Through Hmong Museum Initiative, Mai Vang Makes Hmong History Visible
By Aarohi Narain
With an emphasis on education, preservation, and cultural programming, Mai Nhia Vang, founder of St. Paul’s Hmong Museum, leads the quest for a heightened Hmong consciousness.
Today, the St. Paul metro area is home to the largest Hmong population per capita in the entire United States. Not only does it’s urban landscape act as the backdrop for major festivals such as the Minnesota Hmong New Year, but it is also home to the Hmong Museum: the nation’s one and only museum without walls that is devoted to documenting Hmong culture, arts, history, and personal narrative.
But as recently as a decade ago, the Hmong Museum was no more than a fanciful idea – a fuzzy image still forming in the mind’s eye of Mai Nhia Vang, who is both the founder and current board chair. It was when Vang encountered a handwritten manuscript during her time as a student of anthropology that she understood, with the clarity that she had been seeking, her primary goal – to encourage a heightened Hmong consciousness through the acts of collecting, preserving, and archiving as many diverse Hmong stories as possible.
“I wasn’t sure what career I could have with anthropology. In a museum studies class I was taking then, one of our assignments was to visit different museums around town. I chose the special archives at the University of Minnesota, and discovered that they have archives four football fields deep. I was so impressed and surprised to see how carefully they were taking care of old manuscripts and books,” Vang says, reflecting on early experiences that led her to museology.
“I came across a handwritten manuscript by a children’s author, and I remember feeling such a strong connection to this author even though I didn’t know anything about him; through his handwriting, I felt deeply connected to him and that part of history. I reflected on that, and I realized that I didn’t have that kind of connection to my own parents’ lived histories, or to Hmong culture. In the Hmong community, we didn’t have anything like an archive back then – something consistent and totally available for the public to access. So, at that moment, I felt that that the best way to bring our histories and stories to life would be through objects.”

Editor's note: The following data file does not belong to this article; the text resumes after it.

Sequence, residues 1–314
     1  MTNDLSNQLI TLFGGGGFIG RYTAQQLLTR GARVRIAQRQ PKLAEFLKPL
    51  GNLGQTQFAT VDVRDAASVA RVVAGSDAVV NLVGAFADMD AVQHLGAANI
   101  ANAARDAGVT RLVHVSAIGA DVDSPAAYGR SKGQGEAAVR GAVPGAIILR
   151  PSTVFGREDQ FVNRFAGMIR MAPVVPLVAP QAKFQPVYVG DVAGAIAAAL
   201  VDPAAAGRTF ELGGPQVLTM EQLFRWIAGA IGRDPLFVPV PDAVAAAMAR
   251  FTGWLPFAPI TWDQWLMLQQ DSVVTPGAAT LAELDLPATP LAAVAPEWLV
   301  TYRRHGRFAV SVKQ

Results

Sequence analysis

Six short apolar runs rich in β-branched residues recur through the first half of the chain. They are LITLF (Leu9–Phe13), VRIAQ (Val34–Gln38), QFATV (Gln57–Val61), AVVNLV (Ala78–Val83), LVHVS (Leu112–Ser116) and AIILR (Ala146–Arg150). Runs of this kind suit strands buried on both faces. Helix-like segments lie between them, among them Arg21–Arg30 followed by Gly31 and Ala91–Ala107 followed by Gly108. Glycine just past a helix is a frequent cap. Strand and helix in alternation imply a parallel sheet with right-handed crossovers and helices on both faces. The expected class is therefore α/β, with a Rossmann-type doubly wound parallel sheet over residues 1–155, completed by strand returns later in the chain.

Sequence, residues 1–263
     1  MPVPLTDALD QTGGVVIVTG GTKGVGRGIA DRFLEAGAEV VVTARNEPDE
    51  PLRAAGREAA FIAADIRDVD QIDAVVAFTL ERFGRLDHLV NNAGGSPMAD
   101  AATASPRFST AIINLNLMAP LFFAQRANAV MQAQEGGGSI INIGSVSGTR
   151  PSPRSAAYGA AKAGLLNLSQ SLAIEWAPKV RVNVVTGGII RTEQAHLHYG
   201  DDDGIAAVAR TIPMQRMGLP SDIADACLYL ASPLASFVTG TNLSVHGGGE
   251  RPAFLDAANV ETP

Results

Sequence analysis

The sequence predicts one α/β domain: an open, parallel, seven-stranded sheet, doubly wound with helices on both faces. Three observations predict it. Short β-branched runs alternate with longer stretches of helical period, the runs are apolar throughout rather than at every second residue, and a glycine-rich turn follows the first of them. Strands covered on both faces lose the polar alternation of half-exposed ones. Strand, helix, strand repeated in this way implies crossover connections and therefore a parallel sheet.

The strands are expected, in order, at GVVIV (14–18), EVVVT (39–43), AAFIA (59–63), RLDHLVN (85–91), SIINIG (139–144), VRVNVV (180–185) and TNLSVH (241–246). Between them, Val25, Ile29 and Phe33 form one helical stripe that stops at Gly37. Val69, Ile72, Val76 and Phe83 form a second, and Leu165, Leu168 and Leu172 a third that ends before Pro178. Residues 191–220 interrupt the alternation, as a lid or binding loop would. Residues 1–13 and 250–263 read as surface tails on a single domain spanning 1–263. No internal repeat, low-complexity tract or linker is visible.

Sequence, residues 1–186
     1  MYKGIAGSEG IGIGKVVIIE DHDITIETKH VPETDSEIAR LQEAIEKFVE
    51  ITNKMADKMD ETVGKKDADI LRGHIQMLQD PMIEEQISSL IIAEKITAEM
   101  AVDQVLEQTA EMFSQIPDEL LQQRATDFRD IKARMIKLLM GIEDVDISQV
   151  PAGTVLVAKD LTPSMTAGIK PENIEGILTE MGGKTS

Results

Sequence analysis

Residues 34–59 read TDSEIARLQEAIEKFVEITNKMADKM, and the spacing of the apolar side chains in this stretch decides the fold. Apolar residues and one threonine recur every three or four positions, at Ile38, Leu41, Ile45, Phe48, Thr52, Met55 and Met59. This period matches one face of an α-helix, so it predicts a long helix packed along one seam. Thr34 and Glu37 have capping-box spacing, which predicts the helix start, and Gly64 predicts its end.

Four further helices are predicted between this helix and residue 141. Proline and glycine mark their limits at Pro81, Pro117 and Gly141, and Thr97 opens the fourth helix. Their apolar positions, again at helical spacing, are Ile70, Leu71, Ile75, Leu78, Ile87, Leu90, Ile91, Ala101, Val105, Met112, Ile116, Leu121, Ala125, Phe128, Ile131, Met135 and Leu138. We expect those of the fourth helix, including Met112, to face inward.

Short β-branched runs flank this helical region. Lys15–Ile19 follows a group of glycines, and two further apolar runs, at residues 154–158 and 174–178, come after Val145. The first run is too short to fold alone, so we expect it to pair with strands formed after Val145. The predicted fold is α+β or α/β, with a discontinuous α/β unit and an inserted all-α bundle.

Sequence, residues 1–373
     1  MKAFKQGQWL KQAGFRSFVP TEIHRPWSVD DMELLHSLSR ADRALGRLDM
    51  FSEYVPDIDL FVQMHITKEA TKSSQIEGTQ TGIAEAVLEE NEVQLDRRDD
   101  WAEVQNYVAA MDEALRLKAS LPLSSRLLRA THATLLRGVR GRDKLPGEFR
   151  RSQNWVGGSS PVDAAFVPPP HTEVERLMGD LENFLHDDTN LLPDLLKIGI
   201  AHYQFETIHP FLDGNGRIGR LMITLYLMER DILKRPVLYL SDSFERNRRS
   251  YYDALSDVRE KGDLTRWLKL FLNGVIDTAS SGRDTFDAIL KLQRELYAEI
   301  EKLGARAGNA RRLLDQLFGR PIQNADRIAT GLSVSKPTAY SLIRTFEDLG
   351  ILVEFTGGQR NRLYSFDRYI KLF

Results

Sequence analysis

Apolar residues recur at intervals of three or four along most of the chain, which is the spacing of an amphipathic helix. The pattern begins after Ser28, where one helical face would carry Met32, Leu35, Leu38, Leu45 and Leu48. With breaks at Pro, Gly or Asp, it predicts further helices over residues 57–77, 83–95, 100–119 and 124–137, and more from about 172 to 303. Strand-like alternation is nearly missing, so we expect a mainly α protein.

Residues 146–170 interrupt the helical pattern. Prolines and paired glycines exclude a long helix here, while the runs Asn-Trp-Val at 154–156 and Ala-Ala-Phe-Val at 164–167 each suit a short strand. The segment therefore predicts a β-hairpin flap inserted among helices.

Vang went on to pursue a master’s degree in anthropology, and also gained a certificate in museum studies from the University of Wisconsin-Milwaukee. Returning to the Twin Cities thereafter, she got in touch with various local leaders to get a lay of the land, as well as gauge interest amongst community members in fashioning a repository of all things Hmong. “There was a lot of enthusiasm, but nobody was really taking initiative. I created a page online, and managed to get many supporters all over the country. Everyone I spoke to in the community said they wanted something like a museum, but they didn’t know if there was a way to create that,” says Vang.
Persevering through the worst years of the recession, Vang started working as a curator at the Minnesota Discovery Centre, a few hours north of the Twin Cities. Her time there, she says, gave her the skills and confidence she needed to go deeper into museum work, paying special attention to designing and implementing a project that would recognize and celebrate the intersection between all things Hmong.
“I was driving down once a month to meet with community members and we were having serious conversations about setting up the museum. Once I moved back to the metro area in 2014, things took off. We achieved nonprofit status and the board was formalized. We’ve been continuing on that momentum since then,” remarks Vang, “Now, we have a good amount of following, but we still need to grow more. At this point, we’re outgrowing our volunteer capacity because there’s just so much work involved. Each person on the board has a full-time job, but the museum is a personal project to which we devote our personal effort and resources. It’s our passion.”